Polypeptide

What are Polypeptides?

Polypeptide molecules made up proteins

Picture  1 :Polypeptide molecules made up proteins.

Image Source: biology-pages.info

 

diagram shows how a polypeptide is formed

Picture 2: The diagram shows how a polypeptide is formed.

Image Source: ytimg.com

 

They are chains of amino acids, which are linked by peptide bonds. Every end of polypeptide is called amino terminal or N terminal, which has a free amino group. The other end of polypeptide has a free carboxyl group called C terminal or carboxyl terminal. Polypeptides play an important part of proteins in the cells.

Proteins consist of one or more molecules of polypeptides. Proteins are important as they help the cells in various ways. As a matter of fact, half of the mass of the cell is made up of protein.

It also supports the cell structure and stores important substances. It also controls metabolic functions and improves the immune response of the cells.

Polypeptides make proteins by bonding together various amino acids. Two or more polypeptides bond and fold into a specific shape to form a particular protein.

The other name for polypeptide is an amino acid polymer. They are chains of monomers and subunits linked together by a chemical bond. A single chain of a polypeptide is called simple protein. Examples of polypeptides are insulin and growth hormone. (1, 2, 3, 4, and 5)

 

The image shows the peptide bond

Picture 3: The image shows the peptide bond.

Image Source: cryst.bbk.ac.uk

 

image shows the different peptide structures

Picture 4: The image shows the different peptide structures.

Image Source: easylifescienceworld.com

 

image shows the polypeptide chains

Picture 5: The image shows the polypeptide chains.

Image Source: slidesharecdn.com

 

Polypeptide Structure

Polypeptides have four levels of structure and they are the following:

 

Primary structure

The primary structure is the sequence of amino acid in the polypeptide chain in line with the location of disulfide bonds. To take note of the primary structure of the polypeptide, you should write the amino acid sequence with the use of three letter abbreviations for amino acids.

 

Secondary structure

It pertains to the ordered arrangement of amino acids in the localized location of the polypeptide. The folding pattern is stabilized with the help of hydrogen bonds.

The two secondary structures are alpha helix and anti-parallel beta-pleated sheet. Periodic confirmations are vast but the two mentioned above are the most stable.

  • α-helix It is a right-handed spiral wherein every peptide bond is in the trans conformation.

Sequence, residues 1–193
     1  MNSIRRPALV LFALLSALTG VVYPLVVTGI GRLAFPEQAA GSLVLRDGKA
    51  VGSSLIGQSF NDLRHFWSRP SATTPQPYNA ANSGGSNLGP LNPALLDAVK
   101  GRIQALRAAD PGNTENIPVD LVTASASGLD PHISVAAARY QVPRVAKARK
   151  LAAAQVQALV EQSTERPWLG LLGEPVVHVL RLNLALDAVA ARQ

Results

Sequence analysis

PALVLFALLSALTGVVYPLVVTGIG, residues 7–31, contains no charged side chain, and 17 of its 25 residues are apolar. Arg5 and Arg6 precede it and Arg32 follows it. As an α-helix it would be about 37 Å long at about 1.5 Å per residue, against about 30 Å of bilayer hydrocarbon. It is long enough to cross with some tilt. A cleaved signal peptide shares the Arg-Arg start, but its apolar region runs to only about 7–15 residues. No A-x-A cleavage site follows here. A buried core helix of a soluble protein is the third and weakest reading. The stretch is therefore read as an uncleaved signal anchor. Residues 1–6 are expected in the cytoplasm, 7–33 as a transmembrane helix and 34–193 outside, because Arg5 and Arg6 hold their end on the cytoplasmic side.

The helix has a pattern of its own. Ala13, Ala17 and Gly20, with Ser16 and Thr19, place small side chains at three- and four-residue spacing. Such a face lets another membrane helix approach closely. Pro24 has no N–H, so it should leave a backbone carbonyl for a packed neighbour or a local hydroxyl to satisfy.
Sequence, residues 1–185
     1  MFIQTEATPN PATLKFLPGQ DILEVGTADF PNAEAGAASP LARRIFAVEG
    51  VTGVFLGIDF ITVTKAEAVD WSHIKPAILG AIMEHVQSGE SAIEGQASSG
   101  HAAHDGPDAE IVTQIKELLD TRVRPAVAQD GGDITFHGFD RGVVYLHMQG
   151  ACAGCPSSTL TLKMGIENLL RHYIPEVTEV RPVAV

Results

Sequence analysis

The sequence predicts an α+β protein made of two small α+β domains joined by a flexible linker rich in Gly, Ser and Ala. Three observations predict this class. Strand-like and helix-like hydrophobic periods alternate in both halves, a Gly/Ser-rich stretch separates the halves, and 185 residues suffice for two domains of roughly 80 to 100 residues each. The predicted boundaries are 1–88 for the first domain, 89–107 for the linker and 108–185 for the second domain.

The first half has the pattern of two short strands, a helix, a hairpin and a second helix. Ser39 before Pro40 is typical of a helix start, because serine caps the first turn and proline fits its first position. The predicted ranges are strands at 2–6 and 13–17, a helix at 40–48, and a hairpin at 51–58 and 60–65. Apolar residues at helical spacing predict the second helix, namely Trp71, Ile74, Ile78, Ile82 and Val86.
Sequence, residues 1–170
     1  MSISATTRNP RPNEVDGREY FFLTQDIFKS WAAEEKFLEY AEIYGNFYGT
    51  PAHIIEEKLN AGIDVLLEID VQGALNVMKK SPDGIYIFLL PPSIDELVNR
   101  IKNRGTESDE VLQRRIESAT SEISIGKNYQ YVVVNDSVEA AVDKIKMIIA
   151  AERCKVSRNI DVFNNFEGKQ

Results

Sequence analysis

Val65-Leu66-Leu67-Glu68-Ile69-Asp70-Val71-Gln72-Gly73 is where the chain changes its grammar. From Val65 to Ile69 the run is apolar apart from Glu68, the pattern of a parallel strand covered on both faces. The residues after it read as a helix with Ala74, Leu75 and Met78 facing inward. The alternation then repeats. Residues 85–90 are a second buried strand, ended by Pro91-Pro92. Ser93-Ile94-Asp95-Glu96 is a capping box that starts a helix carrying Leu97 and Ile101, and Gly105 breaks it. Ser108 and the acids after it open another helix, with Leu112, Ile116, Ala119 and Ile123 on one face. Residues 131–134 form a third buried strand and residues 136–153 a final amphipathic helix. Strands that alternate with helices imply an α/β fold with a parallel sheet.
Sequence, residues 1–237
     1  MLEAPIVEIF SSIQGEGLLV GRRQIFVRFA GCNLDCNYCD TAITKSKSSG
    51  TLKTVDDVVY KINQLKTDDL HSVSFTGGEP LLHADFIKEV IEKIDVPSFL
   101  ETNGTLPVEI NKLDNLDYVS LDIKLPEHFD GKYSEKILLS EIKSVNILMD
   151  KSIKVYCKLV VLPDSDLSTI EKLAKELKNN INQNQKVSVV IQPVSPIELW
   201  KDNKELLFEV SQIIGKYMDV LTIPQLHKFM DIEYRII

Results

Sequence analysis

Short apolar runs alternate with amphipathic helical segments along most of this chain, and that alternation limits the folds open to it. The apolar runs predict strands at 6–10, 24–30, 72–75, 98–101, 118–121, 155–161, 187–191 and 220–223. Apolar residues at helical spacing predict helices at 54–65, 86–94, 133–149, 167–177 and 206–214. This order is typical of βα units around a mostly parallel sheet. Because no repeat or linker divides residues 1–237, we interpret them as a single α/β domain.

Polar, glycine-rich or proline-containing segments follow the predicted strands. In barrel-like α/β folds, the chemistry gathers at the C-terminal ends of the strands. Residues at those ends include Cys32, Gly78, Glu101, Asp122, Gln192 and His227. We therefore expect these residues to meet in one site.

• β-pleated sheet It has extended polypeptide chain with a nearby chain that extends anti-parallel to each other. Every β-pleated sheet is trans and planar. A hydrogen bond may occur between the nearby polypeptide chains.

 

Tertiary structure

The tertiary structure has three dimensional atom arrangement in a single polypeptide chain. The tertiary structure is maintained by disulfide bonds; which are formed between the side chains of cysteine.

It is formed through the oxidation of two thiol groups thereby forming a disulfide bond.

 

Quaternary structure

it is a term used to describe proteins consists of multiple polypeptide molecules. Each polypeptide molecule is called monomer.

Usually, proteins that have greater than 50,000 molecular weight have two or more noncovalently-linked monomers.

It is called quaternary structure because the arrangement of monomers in three-dimensional protein is in quaternary style. A perfect example is the hemoglobin protein.

Hemoglobin has four monomers which two α-chains each containing 141 amino acids and two β-chains and each contains 146 amino acids. (4, 5, 6, and 7)

 

What are the Functions of polypeptides?

Polypeptides have various important functions and their function is dependent on their size and amino acid sequence.

Some of the notable functions of polypeptides are the following:

  1. Transporter – They act as transporters which selectively enable some substances to pass into the cell through its permeable membrane. A perfect example is the glucose transporter. What it does is it allows the glucose to travel from the blood and into other cells which will then be used by the body as an energy source.
  2. Enzymes – What are enzymes? They are a biologic catalyst that hastens the metabolic functions of the body. Polypeptides speed up the reaction in various bodily functions such as digesting foods, energy production, and cellular component synthesis.
  3. Hormones – They act as messengers that carry information from one tissue to another through the blood. Examples are insulin, glucagon, leptin, and ghrelin.
  4. Structure – Polypeptides function as structural elements of the body. Some of them are vital components of the muscles and bones. (7, 8, 9, and 10)

 

References:

  1. http://www.biology-pages.info/P/Polypeptides.html
  2. https://en.wikipedia.org/wiki/Peptide
  3. https://study.com/academy/lesson/polypeptide-definition-formation-structure.html
  4. https://www.medicinenet.com/script/main/art.asp?articlekey=7766
  5. http://www.chm.bris.ac.uk/webprojects2001/hoyle/page4.htm
  6. https://www.sciencedirect.com/topics/chemistry/polypeptide
  7. https://www.thoughtco.com/protein-and-polypeptide-structure-603880
  8. https://www.quora.com/What-is-polypeptide
  9. https://bio.libretexts.org/TextMaps/Microbiology/Book%3A_Microbiology_(Kaiser)/Unit_7%3A_Microbial_Genetics_and_Microbial_Metabolism/19%3A_Review_of_Molecular_Genetics/19.1%3A_Polypeptides_and_Proteins
  10. http://www.differencebetween.net/science/difference-between-polypeptide-and-protein/

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